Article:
I have forgiven my father and then I think of my mother who still has a story to tell.  I don’t know if anyone would believe her, but she has so much in her life story that could be helpful to others.  Surely we can’t be the only ones in this situation, caught between a person who does good things and has their secrets A Christian leader who means well but whose home life isn’t right, isn’t right at all?  That’s our story

IN THE END what needs to be said is this: Forgiveness is what each Christ follower is asked to do in response to the forgiveness Jesus extends to us.  It is not easy.  It can take a long time.  It often depends on the emotional health of the person doing the forgiving.  It always depends on all the factors surrounding the situation and each person has to sort that out, often with the help of a pastor or a counselor.

I have been in therapy of one sort or another, off and on, for twenty-five years!  Wow, that’s crazy sounding but it’s true.

Pulling back the layers of pain,

the years of stagnation and lack of healthy growth as a human being,

the crazy mixed up ideas,

the strange perspectives and opinions picked up over the years.

The times of resisting God.  Or not being willing to obey God.

And finally, I came to a point of decision, for myself – without the guilt, or fear or coercion of others, but in complete obedience to God.

Forgiveness, it’s messy.  It’s damn difficult. But it is so sweet, when finally healing, forgiveness and the mercy of Jesus come down.

And you begin anew. And your story continues…

I am still left with where rage comes from? What makes a daddy hurt us so bad?

I have pondered my father’s strange rage for many years.  I cannot pretend to have answers and obviously I cannot ask him.  But I have a friend who works with incest survivors.  She has a very special ministry. My father always said that he was sexually abused as a child, by a minister in his church.  I never believed him.  But I asked my friend about this and she said:  “When a person admits to this as an adult, they are telling the truth.  They have no reason to lie.”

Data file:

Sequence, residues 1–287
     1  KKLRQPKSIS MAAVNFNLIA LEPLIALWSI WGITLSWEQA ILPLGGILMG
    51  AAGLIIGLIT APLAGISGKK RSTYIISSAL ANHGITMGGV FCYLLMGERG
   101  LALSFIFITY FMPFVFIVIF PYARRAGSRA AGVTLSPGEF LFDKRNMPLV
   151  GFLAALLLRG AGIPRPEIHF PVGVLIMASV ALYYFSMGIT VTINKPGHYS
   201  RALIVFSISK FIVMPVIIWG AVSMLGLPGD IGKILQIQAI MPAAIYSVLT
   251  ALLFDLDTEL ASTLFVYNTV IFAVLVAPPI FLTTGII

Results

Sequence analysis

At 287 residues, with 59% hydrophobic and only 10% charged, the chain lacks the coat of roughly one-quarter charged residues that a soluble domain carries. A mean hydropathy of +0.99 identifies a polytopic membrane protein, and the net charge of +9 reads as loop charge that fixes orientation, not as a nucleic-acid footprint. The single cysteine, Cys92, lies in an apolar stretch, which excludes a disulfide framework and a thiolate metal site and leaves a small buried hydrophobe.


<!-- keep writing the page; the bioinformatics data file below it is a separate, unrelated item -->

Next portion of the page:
No reason to lie.  She also said very often anger like that comes from abuse in the past.

I don’t know if it is true but I cannot ignore this about forgiveness, about following Jesus into radical loving.

Paula Huston says: “Regarding the tender souls of children, Jesus says in a passage that can be read as referring either to young human beings or to “baby” Christians: ‘Things that cause people to sin will inevitably occur.  It would be better for him if a millstone were put around his neck and he be thrown into the sea than for him to cause one of these little ones to sin.’ (Luke 17:1-3)  The roots of our adult sin patterns are often to be found in the still-gaping wounds of childhood.”

So perhaps my father was hurt as a child.  And I was a child, crushed by his pain and hurt, as he took it out on his family in his rage and anger.

At some point we are each responsible to work through our experiences and get to a point of healing.

Again, from Huston:

“Then, and only then (after the process to be sure) we can see the other person as “a human being, no matter how degraded, a fellow soul made in the image and likeness of the God we adore.”

“God causes his sun to fall on both the good and the evil, and his rain to fall on both the righteous and unrighteous.” (Phooey, I can’t remember the reference.)

The longer we shut up our heart against the one that has hurt us the closer we come

to losing our own heart,

our humanity,

even our life.

And for some even our minds.

These things happened to me in the form of depression, alcoholism, and self-loathing and disgust; a misery of life, abject poverty of soul. I was a dead man walking.